KAINA’s music can feel like a bridge to others or a reflection of yourself. With lyrics that balance comforting warmth and sharp interrogation of her thoughts and the world around her, the 25-year-old singer-songwriter knows exactly how and when to pluck at listeners’ heartstrings. Born and raised in Chicago to Venezuelan and Guatemalan parents, KAINA always carries her lineage with her, often singing about healing generational trauma and expressing what it means to grow up as a first generation kid. The raw authenticity and care for community instilled in her are inseparable from KAINA’s approach to music and life as a whole. Her commitment to these ideals cemented her place in the vibrant fabric of Chicago’s musical impact on a global scale with her collaborations with artists like Saba and The O’My’s or shared bills with NNAMDÏ and Jamila Woods.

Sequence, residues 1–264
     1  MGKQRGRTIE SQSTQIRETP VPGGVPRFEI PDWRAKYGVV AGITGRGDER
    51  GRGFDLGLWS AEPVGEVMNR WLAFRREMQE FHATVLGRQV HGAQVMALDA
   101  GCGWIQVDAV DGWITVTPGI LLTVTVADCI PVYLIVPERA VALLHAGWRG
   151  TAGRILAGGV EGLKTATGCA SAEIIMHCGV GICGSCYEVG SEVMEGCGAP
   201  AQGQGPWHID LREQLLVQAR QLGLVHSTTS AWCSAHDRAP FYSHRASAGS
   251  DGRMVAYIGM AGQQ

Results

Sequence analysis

“I describe myself more in feelings than genre,” she confesses, listing softness, honesty, and sincerity as the main sources driving her creativity. Equally inspired by the intricate band arrangements of salsa and Motown, the calculated songwriting of 2000s pop, and the exploratory R&B/hip hop of Chicago's rich music scene, KAINA sees music as an opportunity to express her creativity without boundaries. Her upcoming album, It Was a Home, with its profound commitment to openness, inspires an emotional high of certainty by directing the lens inward. KAINA flourishes as a skilled producer and writer while she experiments with dreamy soul and lush sonic universes that push past the discomfort that comes with such intense vulnerability. The album also features striking collaborations with devoted supporters of KAINA such as Sleater-Kinney, Helado Negro and co-executive producer Sen Morimoto.